No question about it, there is a “kumbaya” spirit these days at 1 Police Plaza.
Police Commissioner Bill Bratton’s wife, Rikki Klieman, delivered the keynote address last week at the Policewoman’s Endowment Association Women’s History Celebration in the first-floor auditorium at police headquarters.
Bratton also spoke last week of the “collegial and collaborative” relationship he hoped to enjoy with new Inspector General Philip Eure, who is to monitor the NYPD’s stop-and-frisk practices that began under Bratton’s predecessor, Ray Kelly.
Last week, Bratton spoke, too, of his “Re-Engineering, 2014,” which he said focuses on 89 areas the department needs to improve, including training, community affairs and morale.
But since returning as commissioner, Bratton has made no mention of an area that perhaps needs the greatest overhaul: the lack of reporters’ access.
Bratton, like Mayor Bill de Blasio, has spoken of the importance of transparency at the NYPD. Bratton went out of his way to allow this reporter to again obtain a press card, which he mentioned at a news conference the day he was sworn in.
Yet showing your press card doesn’t even guarantee access to the reporters’ offices on the second floor. Or to the public information office on the 13th floor.
As an officer at the security desk in the lobby of Police Plaza recently put it, “The protocol is you have to have an appointment.”
Reporters based at Police Plaza are also restricted. They are allowed only on the second and 13th floors and on the first floor only during ceremonies, or when Bratton holds news conferences.
This is how things were done at Police Plaza for the past decade or so under Kelly and continue under Bratton. There was actually a time in New York City in the 1970s and 1980s when reporters and police officers peacefully coexisted and respected each other’s jobs.
That changed under Rudy Giuliani, who as mayor also considered himself the city’s de facto police commissioner and regarded the media as his enemy.
When then-Vice President Al Gore tried to present a good-government award to the NYPD in 1998 for its Compstat conferences — at which commanders are grilled by top brass about their crime strategies — Giuliani barred reporters and refused to allow the department to accept the award because he wanted to personally receive it.
Kelly took his distrust of the media to another level. Sealing off the department from public scrutiny began as an anti-terrorism security measure after 9/ll. As Kelly consolidated his power over his 12 years as commissioner, his security concerns devolved into lack of reporters’ access to the department.
In 2006, Kelly took the lack of access a step further. After an apparent leak to the media during the murder investigation of a graduate student, Imette St. Guillen, Kelly ordered an internal investigation, unprecedented in its scope. At least two dozen detectives, including a deputy chief, inspector and two captains, were questioned under oath by internal affairs investigators about whether they spoke to reporters about the case.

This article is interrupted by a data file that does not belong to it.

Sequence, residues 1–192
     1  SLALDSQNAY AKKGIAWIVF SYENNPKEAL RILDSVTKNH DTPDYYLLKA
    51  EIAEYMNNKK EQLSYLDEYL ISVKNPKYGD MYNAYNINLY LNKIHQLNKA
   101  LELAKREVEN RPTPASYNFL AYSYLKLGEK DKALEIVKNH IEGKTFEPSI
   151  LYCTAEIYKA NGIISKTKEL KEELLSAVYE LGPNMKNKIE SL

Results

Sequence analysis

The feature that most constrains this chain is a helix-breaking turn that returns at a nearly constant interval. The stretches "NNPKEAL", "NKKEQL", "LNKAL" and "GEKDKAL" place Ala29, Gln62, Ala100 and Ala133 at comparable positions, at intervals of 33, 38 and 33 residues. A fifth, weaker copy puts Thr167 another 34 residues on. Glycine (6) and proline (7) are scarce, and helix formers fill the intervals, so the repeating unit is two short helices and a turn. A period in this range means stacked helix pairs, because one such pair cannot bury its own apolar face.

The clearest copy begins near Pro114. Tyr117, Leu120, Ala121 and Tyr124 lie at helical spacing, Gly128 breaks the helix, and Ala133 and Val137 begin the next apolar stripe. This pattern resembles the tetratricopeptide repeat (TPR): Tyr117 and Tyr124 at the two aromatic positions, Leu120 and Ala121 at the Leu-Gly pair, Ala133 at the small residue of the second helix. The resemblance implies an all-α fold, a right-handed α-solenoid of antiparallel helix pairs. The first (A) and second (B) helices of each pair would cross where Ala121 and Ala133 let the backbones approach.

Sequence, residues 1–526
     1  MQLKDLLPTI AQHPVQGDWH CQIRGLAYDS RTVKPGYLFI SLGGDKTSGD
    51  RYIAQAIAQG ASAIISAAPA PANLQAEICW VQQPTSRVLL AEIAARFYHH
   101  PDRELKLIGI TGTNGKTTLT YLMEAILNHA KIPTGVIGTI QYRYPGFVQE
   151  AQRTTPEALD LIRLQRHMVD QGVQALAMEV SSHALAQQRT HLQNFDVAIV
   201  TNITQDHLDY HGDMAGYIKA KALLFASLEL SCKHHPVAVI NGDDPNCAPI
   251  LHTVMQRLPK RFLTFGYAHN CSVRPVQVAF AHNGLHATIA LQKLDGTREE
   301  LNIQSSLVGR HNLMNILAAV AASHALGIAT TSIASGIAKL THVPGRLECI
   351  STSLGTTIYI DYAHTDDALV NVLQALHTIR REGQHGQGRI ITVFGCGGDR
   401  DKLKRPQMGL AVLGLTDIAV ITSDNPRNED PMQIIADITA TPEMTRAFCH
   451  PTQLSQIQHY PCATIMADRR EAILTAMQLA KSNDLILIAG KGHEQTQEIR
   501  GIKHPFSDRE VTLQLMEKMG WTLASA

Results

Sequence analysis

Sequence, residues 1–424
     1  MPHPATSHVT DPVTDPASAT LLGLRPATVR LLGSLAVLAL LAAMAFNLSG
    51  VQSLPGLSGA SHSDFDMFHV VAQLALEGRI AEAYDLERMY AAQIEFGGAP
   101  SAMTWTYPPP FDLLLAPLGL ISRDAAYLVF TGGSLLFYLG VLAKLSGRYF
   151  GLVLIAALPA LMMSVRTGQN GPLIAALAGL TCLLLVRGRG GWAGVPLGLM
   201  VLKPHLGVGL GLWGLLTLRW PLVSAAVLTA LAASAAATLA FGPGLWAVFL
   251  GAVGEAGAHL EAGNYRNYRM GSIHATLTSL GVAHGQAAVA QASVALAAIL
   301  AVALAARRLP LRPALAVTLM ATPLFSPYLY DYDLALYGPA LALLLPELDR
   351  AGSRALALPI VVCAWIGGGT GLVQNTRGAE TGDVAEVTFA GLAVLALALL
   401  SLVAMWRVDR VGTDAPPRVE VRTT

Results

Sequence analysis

The result: Police throughout the department cut off relationships with reporters, some of whom NYPD officials had known for years.
Bratton’s and de Blasio’s words about transparency notwithstanding, Kelly’s practices continue today.
“They make it very difficult for people, particularly reporters, to get into Police Plaza,” said Murray Weiss, perhaps the city’s longest-serving police reporter and the author of “The Man who Warned America,” a biography of John O’Neil, the FBI’s former head of national security, who was killed on 9/ll.
“They make it difficult so that you think twice about going there,” Weiss said. “Undoing 12 years in three weeks can’t be done with a snap of Bratton’s fingers.
“For many cops this was the only administration and philosophy they functioned under. That also goes for the press office, where they have been taught for 12 years to give reporters as little information as possible,” he said. “It’s like a dog who’s been abused. That dog is not suddenly going to like people.”
Kelly’s boss, Michael Bloomberg, also claimed he favored transparency when he ran for mayor. But he seemed to take to the way that Kelly controlled the media. Even at the end of Kelly’s reign, when the furor over stop-and-frisk reached its height, his favorable poll numbers among New Yorkers remained high.
On the other hand, Bratton, during his first term under Giuliani, liked to hang out at Elaine’s — the famed, Upper East Side restaurant, with his closest advisers, then-Deputy Commissioner Jack Maple, former First Deputy John Timoney and John Miller, who is now the deputy commissioner for intelligence, as they mixed it up with reporters .
But times are different today. In his first term, Bratton selected virtually all his top staff. Under de Blasio, his first deputy and chief of department were designated for him. Of that first team, only Miller remains. And there is no Elaine’s.
IRONY OR POETIC JUSTICE? Now that Ray Kelly was hired as a commentator on ABC Television, maybe he’ll put in for a press card at Police Plaza. Under his own rules, he wouldn’t qualify.